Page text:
‘Someone walked into the school, where I was supposed to feel safe, took me away from the people who were supposed to protect me and stripped me naked, while on my period. I can’t go a single day without wanting to scream, shout, cry or just give up. I don’t know if I’m going to feel normal again. But I do know this can’t happen to anyone else, ever again.’
And as the #EndStripSearch Campaign comment:
‘Nothing a child could hide in their body is worth them being sexually assaulted. Whether something is found or not, a child is harmed in a way that has deep ramifications for their mental health, and their future. There is no justification.’
Wales Specific Evidence: Strip search of children
The most recent Youth Justice Blueprint for Wales is meant to be underpinned by children’s rights. A Children’s Rights Approach should mean an end to strip search of children. It is a breach of children’s rights, a denial of privacy and bodily integrity, it is dehumanising and degrading.
The Welsh Government supports the National Trauma Informed Practice Framework and their policy focuses on the prevention of Adverse Childhood Experiences. This approach is threaded through the Youth Justice Blueprint.
There can be no doubt that any strip search of a child will be traumatic. Despite this, the strip search of children is happening in Wales.
The National Newspaper, earlier this year, asked for information using a procedure known as Freedom of Information request about strip searches of children in Wales. The Gwent force was the only force that responded to the request and reported that
75 strip searches were conducted on children aged between 10-17 years between 2018-2021. It was not made clear whether any of the strip searches were ‘intimate searches.’[iv]
In recent evidence collected by the Home Office November 2022 for 2021/2022, Gwent police force was reported to have strip searched 35 children, Dyfed-Powys 15 and South Wales 133 children. North Wales did not provide any evidence. Across the 3 police forces in Wales, 183 children were strip searched in the year ending March 2022.[v] Of the 183 children, 86% were boys and 14% were girls. The police custody data describes 81% of the children as white, 5.5% Black, 5% Asian, 2.2% Mixed Race and the remaining 6.3% were described as other or not stated.
We are aware that the Children’s Commissioner for Wales is working with police forces across Wales on strip search and the implications for children’s rights. The office has communicated that data has been requested from all the police forces but not all of the forces have shared data. They are however aware that children under 11 have been subject to strip searches.
The Children’s Legal Centre Wales would like to see strong action in this area we are calling on the Welsh Government, the Children’s Commissioner for Wales, and the Wales Youth Justice Advisory Panel to take action to end strip search of children in Wales as a matter of urgency.
Action the Children’s Legal Centre for Wales is undertaking on strip search of Children:
- Working with key partners to END strip search of children in Wales, we are hosting a global webinar with Youth Justice Legal Centre on ‘Strip Search of Children’, on Tuesday 7th March.
- Working with partners to gain a better picture of the incidence of strip search of children in Wales. Please get in touch if you have insights you wish to share.
- Developing a guide for children to help them know their rights under the current UK legislation if they are asked to submit to a strip search. Look out for this guide.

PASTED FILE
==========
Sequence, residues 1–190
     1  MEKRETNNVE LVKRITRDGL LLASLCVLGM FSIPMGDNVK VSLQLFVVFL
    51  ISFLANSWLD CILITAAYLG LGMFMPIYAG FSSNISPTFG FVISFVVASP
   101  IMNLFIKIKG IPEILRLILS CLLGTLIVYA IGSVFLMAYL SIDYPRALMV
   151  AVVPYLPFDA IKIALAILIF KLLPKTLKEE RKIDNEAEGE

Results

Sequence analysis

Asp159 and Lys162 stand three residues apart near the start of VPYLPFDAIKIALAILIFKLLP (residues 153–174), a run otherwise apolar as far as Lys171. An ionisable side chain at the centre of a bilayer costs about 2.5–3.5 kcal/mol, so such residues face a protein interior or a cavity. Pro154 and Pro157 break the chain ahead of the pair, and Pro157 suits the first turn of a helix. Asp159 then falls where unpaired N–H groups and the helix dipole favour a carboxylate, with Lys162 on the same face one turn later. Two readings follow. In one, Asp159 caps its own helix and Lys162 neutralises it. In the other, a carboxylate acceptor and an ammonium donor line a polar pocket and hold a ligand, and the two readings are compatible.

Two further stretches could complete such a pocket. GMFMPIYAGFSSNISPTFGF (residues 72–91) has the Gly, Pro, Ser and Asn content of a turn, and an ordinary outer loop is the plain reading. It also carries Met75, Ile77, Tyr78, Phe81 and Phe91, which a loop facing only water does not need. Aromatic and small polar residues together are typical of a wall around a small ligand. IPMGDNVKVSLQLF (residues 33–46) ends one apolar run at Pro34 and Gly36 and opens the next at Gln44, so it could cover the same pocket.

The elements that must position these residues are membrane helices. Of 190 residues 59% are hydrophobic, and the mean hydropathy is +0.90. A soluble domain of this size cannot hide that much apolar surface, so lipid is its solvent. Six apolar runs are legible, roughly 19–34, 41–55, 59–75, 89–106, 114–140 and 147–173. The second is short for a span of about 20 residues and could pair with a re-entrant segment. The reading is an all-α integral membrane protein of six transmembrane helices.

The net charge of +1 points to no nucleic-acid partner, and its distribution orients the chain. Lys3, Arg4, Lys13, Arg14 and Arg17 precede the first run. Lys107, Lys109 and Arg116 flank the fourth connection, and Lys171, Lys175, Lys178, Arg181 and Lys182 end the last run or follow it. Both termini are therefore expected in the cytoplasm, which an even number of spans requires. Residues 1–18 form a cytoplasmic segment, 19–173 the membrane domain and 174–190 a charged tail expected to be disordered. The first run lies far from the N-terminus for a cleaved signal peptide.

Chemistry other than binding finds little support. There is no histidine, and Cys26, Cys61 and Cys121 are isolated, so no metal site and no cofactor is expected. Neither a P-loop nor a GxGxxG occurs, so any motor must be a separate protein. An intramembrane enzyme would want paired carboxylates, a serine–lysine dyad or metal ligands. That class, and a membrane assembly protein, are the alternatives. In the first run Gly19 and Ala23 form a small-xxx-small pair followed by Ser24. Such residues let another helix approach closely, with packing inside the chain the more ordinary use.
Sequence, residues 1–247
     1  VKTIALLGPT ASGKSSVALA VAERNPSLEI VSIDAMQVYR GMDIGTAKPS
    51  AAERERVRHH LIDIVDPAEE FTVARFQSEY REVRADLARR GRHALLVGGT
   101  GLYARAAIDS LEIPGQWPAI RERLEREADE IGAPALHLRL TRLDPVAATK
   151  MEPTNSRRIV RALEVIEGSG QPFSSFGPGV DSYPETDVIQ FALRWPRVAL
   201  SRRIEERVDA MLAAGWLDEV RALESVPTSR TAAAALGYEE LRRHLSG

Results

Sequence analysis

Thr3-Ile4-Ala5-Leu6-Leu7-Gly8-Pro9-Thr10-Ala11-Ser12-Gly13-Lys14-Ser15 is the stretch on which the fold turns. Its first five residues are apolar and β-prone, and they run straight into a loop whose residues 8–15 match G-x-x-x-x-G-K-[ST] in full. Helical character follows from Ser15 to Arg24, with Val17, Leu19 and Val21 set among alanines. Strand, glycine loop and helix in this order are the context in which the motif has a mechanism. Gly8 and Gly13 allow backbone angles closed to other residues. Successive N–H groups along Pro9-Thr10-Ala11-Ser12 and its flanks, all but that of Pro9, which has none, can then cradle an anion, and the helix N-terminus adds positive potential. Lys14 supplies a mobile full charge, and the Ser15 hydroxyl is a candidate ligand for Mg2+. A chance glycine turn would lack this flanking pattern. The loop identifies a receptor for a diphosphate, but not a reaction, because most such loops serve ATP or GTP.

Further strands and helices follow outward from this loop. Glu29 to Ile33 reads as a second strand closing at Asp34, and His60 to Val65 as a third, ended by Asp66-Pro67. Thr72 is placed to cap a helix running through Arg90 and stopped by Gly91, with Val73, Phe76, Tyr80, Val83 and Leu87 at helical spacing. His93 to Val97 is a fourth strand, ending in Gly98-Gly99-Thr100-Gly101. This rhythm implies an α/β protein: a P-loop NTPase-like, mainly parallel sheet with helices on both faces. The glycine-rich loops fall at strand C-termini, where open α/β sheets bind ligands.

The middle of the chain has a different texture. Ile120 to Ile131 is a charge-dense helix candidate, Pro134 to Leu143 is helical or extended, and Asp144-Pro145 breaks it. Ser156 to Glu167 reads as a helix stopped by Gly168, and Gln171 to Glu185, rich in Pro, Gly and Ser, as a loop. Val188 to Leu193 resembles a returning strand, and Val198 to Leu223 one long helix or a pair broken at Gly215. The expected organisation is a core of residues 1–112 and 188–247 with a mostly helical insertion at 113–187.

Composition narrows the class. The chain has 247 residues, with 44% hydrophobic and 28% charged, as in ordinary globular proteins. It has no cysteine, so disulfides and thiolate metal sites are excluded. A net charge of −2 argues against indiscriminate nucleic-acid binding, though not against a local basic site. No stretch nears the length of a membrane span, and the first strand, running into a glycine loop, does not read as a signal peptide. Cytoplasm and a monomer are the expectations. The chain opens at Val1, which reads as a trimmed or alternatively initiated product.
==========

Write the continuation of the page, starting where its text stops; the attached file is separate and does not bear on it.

Author: Dr Rhian Croke, Strategic Litigation, Information and Policy Advocacy Lead, Children’s Legal Centre Wales E-mail address: email@example.com
[i] A ‘strip search’ is a specific practice related to the overall stop and search powers available to the police. There are two distinct types of strip search that are outlined under the Police and Criminal Evidence Act (PACE) 1984.
A more thorough Search, as part of a stop and search, is where an officer deems it necessary that the subject removes more than an outer coat, jacket or gloves. This process does not reveal intimate parts of the body. Powers for this more thorough search are set out under PACE Code A, paragraph 3.6
Searches involving Exposure of intimate Parts of the Body are where a person removes all or most of their clothing. They must only be used where necessary and reasonable, bearing in mind the object of the search. Consultation with a supervisor is always required. The police officer must be of the same sex as the person being searched and the process must be conducted in accordance with paragraph 11 of PACE Code C, Annex A. Full powers are set out under PACE Code A, paragraph 3.7. ‘Searches involving exposure of intimate parts of the body must not be conducted as a routine extension of a less thorough search, simply because nothing is found in the course of the initial search …’
- the PACE codes are too complex to understand as to which searches require an appropriate adult.
- parents are non-existent within the PACE search framework.
- there is confusion regarding what body parts are classified as intimate,
- there is misunderstanding with regards to what constitutes consent.
- there is a lack of clarity regarding best location for searches.
- there is confusion with regards to what constitutes appropriate data and recording.
- the IOPC’s position regarding the smell of cannabis, as sole grounds for suspicion is not supported by any legislation, Codes or Authorised Professional Practice.
- there is limited understanding of search procedures and rights amongst children, professionals such as teachers and the public.
- the search framework does not fully reflect national and international legal requirements for a distinct approach for children and intersectional disadvantage.
[v] No intimate searches were recorded.